Spring is here, which means it’s home repair season. Perhaps
you’re itching to finally repaint your living room or maybe you’re getting
ready to replace the tile in your guest bathroom. Whatever you’re planning for your next project, as a pet owner, you know that your cat and/or dog often likes to “help” you out.
You may think of this as funny or merely a nuisance, but as a veterinary
toxicologist for the ASPCA, I know from experience that sometimes your animal’s
curiosity can get him in serious trouble.
Before you start scraping, painting
and drilling, brush up on these common home fixer-upper dangers and learn how to
protect your pet. If you suspect your pet has ingested any of the
substances listed below, contact your veterinarian immediately or call the
ASPCA Animal Poison Control Center at 1-888-426-4435.
Old Lead Paint
Lead isn’t just a hazard for humans; it can be
very toxic for animals, too. If your home was built before 1978, it’s
imperative to test for lead paint before doing any type of paint scraping or
sanding. Lead paint can flake and turn into dust and be ingested by pets
grooming themselves. Signs of lead poisoning include incoordination, muscle
tremors, seizures and death. You can purchase a lead testing kit at your local
hardware store. If your home does test positive for lead paint, consider hiring
a certified lead-abatement contractor to get rid of it. You could try to remove
it yourself using the EPA's guidelines, but you’re better off leaving it to the pros.
Current Paint, Stain and Varnish Products
Most paints, varnishes and stains are water
based and will cause only vomiting and diarrhea if ingested. If your pet gets
one of these water-based products on his fur, remove it with soap and water. If the product is oil based, let it dry and then clip or cut it off. You will need to prevent your pet from attempting to lick the paint
while it dries. Put an E-collar on your pup if you happen to have one at
home. If you cannot stop your dog from licking the area, however, and you can easily bathe your pet, use a mild dish detergent to try and remove as much as you can. Clip or cut any remaining residue out of his fur once it dries. Never use paint thinners, mineral spirits or turpentine to
remove paint from your dog or cat. These products can cause pain and chemical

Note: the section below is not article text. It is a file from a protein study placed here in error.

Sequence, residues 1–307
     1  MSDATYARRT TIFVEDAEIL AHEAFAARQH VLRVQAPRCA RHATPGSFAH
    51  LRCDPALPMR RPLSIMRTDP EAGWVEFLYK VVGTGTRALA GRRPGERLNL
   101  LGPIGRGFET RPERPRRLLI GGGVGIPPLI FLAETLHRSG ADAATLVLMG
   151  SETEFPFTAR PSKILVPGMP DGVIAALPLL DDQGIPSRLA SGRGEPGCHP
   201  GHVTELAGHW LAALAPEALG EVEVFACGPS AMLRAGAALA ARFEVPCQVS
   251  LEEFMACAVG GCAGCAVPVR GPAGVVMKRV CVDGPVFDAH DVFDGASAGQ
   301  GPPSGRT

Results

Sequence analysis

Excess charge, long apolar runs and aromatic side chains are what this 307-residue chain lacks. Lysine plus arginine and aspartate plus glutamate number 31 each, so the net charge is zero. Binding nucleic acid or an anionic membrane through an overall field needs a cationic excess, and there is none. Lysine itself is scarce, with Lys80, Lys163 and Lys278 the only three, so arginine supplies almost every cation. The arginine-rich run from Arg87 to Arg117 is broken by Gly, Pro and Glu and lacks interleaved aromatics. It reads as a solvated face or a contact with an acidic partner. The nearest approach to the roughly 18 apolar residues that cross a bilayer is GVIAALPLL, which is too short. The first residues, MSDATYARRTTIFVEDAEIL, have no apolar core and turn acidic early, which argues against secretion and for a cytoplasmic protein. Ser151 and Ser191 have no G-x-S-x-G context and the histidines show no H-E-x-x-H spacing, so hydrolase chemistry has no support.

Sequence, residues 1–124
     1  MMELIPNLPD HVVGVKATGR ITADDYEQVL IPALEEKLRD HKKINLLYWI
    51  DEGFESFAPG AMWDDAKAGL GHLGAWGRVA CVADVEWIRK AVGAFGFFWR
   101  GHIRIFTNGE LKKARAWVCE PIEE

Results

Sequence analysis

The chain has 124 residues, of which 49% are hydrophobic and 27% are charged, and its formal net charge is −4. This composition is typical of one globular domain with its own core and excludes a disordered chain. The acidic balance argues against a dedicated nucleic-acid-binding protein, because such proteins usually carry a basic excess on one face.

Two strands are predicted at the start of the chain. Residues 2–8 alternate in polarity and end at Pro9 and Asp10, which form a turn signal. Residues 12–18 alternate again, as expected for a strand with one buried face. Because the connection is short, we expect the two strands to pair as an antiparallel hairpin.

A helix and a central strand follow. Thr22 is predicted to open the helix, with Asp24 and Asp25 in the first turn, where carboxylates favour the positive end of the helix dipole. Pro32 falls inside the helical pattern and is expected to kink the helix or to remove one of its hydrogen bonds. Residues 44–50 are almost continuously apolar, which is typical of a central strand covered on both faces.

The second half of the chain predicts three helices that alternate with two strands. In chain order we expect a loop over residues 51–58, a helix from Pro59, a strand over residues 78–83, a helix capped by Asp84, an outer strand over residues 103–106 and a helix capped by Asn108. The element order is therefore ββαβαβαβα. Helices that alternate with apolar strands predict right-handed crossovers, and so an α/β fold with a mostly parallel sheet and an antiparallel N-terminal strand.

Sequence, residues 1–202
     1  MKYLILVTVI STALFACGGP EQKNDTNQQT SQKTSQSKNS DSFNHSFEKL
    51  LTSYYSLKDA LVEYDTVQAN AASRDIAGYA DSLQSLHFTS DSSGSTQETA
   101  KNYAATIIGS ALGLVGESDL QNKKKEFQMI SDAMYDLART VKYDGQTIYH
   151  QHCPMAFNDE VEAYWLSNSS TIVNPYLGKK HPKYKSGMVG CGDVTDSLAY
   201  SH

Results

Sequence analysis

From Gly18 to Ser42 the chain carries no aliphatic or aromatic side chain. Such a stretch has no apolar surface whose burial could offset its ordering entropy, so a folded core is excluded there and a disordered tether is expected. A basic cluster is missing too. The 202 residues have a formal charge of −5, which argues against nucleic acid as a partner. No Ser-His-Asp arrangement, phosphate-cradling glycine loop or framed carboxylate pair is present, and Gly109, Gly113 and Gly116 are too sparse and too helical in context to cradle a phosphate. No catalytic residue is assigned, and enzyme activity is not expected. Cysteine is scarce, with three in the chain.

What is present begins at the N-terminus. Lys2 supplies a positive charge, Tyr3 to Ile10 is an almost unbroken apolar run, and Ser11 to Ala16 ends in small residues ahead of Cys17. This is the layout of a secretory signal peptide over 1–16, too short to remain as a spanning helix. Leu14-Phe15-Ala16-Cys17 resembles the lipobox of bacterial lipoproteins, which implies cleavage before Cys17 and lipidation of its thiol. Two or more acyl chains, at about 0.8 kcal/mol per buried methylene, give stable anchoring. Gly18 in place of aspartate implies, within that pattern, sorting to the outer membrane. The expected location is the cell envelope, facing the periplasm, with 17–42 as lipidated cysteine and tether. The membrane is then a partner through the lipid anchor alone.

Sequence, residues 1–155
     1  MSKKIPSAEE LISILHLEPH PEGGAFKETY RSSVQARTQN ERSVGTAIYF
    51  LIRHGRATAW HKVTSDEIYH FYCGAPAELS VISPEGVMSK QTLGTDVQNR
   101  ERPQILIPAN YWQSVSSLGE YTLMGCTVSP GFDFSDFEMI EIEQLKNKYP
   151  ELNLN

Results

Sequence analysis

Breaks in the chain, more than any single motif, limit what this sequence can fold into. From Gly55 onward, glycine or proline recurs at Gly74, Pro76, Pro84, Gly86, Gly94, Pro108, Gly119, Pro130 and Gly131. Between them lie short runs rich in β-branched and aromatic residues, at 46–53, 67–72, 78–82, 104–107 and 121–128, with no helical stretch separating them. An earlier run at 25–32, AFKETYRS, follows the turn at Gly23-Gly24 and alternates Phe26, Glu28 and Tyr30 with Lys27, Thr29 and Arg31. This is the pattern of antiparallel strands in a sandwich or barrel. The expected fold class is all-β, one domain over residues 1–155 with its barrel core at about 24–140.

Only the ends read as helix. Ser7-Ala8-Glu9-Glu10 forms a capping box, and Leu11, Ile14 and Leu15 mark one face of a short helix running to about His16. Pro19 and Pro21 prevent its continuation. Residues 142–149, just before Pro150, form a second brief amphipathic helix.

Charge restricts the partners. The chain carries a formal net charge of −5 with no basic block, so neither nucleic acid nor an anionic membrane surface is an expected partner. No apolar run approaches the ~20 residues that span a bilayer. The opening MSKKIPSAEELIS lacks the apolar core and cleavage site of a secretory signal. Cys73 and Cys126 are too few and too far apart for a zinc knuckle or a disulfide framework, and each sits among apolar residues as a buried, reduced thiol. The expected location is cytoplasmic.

Spackle can be a tempting treat for dogs
— both when it’s wet and after it dries. Accidental ingestion can cause
vomiting, but the biggest risk factor is gastrointestinal obstruction. Large
pieces may not be able to pass through the digestive tract and may require
surgical removal. Some spackle contains ethylene glycol, the same toxic
chemical found in antifreeze, but, thankfully, the amount is very low. Unless
you have a small pet or your animal eats an entire container, the ethylene glycol
shouldn’t cause any problems. If your pet is vomiting repeatedly or seems “drunk,”
contact your veterinarian immediately.
Tile Adhesives, Spray Foam Insulation and Polyurethane Glues
These products can contain isocyanates,
compounds that expand in the stomach if ingested, and can form large foreign bodies that have to be surgically removed. If your pet ingests one of these products, see your veterinarian
It may look like cotton candy, but if your pet
ingests fiberglass insulation, it can cause mouth irritation and gastrointestinal
obstruction, because of the fiberglass it contains. If your dog or cat rubs up
against the insulation, bathe him immediately to remove all the fibers. But
make sure you’re wearing gloves — insulation fibers can be very irritating to skin.
Curious pets may try to ingest the leftover
substances from your home repair projects, such as sawdust or drywall pieces. If
ingested in large quantities, your animal’s electrolyte balance can start having
problems, which may require intravenous therapy to correct. Plus, ingestion of leftover pieces can also potentially lead to gastrointestinal blockage, which may require surgery.
If you’re using power tools, make sure your pets
are contained. Curious dogs and cats may hear the whir of a drill or the buzz
of a saw, go to investigate and get too close to dangerous moving parts.
One of the best ways to help keep your pet safe from these dangers is to keep him away from your work area. You may need to close a door or put up a baby gate. If that’s not possible, consider boarding your pet at a kennel or with a friend or family member until your home repair project is complete.
Vetstreet.com delivers advice from veterinarians, trainers and pet experts who are dedicated to giving you the most trusted, authoritative information for keeping pets healthy and happy. Our Find A Vet service connects you with leading veterinarians in your area. Launched in 2011, Vetstreet.com features veterinarian-reviewed medical advice and has quickly become one of the top animal health and lifestyle sites on the web. See more.